The Abstract Colourist Trend Sweeping Australia's Art Scene

The Abstract Colourist Trend Sweeping Australia's Art Scene
The work of Sydney Ball, Stephen Ormandy and Yanni Pounartzis (Left to Right)

An interesting new trend has emerged in the Australian art world (Sydney in particular) that is characterised by the bold use of colour in minimalist abstract geometric configurations that feature elements reminiscent of the work of artists such as Frank Stella, Mark Rothko and Barnett Newman.

Although different in execution and approach, the three artists whose work fits the current trend all exhibit an interest in working with colour, line and shape in their purest forms.

At Sydney art dealers Sullivan and Strumpf the striking work of Sydney Ball is impossible to ignore.  A pioneer of Australian Abstraction who has stayed true to his colourist roots, Ball has remained somewhat of an underrated and undervalued artist because of his devotion to a style and philosophy that is not as marketable as it should be.

Currently on show at Sullivan and Strumpf until the 1st of December, Ball’s "Infinex II" series consists of a dazzling array of eye-popping architectural statements that challenge the way colour and space co-exist.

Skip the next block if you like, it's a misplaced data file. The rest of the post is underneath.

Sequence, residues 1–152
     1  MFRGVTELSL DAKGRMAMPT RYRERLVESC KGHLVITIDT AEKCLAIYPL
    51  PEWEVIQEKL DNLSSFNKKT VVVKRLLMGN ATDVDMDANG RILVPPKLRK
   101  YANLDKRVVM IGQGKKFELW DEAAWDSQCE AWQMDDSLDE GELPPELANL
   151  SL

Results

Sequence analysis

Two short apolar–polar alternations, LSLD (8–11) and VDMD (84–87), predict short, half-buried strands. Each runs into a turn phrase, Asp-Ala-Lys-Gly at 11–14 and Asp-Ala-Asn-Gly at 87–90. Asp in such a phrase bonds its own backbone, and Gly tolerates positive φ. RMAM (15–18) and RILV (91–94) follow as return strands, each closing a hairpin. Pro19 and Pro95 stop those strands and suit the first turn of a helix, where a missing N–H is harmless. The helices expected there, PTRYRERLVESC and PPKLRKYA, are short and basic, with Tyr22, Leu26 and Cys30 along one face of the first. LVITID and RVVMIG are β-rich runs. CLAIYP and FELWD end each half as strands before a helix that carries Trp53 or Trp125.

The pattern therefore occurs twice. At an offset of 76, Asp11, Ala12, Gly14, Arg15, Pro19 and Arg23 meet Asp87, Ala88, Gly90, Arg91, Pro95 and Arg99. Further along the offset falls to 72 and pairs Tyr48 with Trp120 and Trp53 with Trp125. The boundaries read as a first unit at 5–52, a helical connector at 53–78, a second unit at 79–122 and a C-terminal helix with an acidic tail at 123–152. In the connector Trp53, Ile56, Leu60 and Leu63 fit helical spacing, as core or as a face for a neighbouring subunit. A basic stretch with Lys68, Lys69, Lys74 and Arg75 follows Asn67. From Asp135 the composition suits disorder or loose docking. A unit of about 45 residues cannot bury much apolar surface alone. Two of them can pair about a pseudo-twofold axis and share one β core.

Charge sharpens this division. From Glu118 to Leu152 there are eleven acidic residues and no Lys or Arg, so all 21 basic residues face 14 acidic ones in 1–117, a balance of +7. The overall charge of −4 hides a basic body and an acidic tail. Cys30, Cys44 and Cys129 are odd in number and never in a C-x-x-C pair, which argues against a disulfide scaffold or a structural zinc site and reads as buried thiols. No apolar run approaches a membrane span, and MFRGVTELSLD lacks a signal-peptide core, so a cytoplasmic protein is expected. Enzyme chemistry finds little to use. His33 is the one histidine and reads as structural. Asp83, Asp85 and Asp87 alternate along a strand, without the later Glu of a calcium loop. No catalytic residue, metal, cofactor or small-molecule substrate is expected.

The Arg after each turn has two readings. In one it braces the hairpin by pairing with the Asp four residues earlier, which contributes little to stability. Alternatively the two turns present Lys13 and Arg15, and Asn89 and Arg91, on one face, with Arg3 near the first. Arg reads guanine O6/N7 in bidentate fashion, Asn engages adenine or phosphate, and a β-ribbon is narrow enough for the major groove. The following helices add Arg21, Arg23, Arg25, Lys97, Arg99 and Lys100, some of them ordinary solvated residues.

According to the artist, “The series emphasise the colour, the process and the event. Everything in the construction is an interplay of shapes and colours; the clarification and articulation of the idea is achieved through the physical reality of material and can be defined as architectural geometry in space; their handling is never disguised”   

Over at the Tim Olsen Gallery in Woollahra, an exhibition of new work by Stephen Ormandy titled "Polychromatism" provides an interesting parallel to the work of Sydney Ball.  Although he takes a more organic approach to his exploration of colour and form, Ormandy’s sculptures and paintings still exhibit a strong connection with the abstract colourist aesthetic.   

The Gallery website explains that: “This exhibition Polychromatism shows Ormandy’s exploration of chroma relationships between his sculptural forms and his paintings. There is a clear dialogue between the different surfaces and shapes and it is evident that one informs the other in constant play.”

Last but not least, an exhibition of work by Yanni Pounartzis will open at Global Gallery in Paddington on the 21st of November.  In the exhibition which has been given the title "The Deconstructions", Pounartzis focuses on perspectival investigations. Using geometric mazes of bold colour, the artist creates encapsulating and hypnotic environments that draw the viewer deep within.

“Yanni’s colours are lively and spirited. It's not what the colours are, it's what they do together, how they breathe and are elevated to something beyond their beginning. The paintings are miraculous, dramatic and tantalising to the eye, yet retain an unarguable intimacy,” a statement on the gallery website explains.

What to make of this interesting ? Perhaps it is a reflection of the current interior design trend which is characterised by geometric patterns, bright colours and retro furnishings.  Or, if you are looking for a more art historically “correct” explanation, perhaps not.  Regardless of the reason behind the trend, there is no denying the appeal of these works.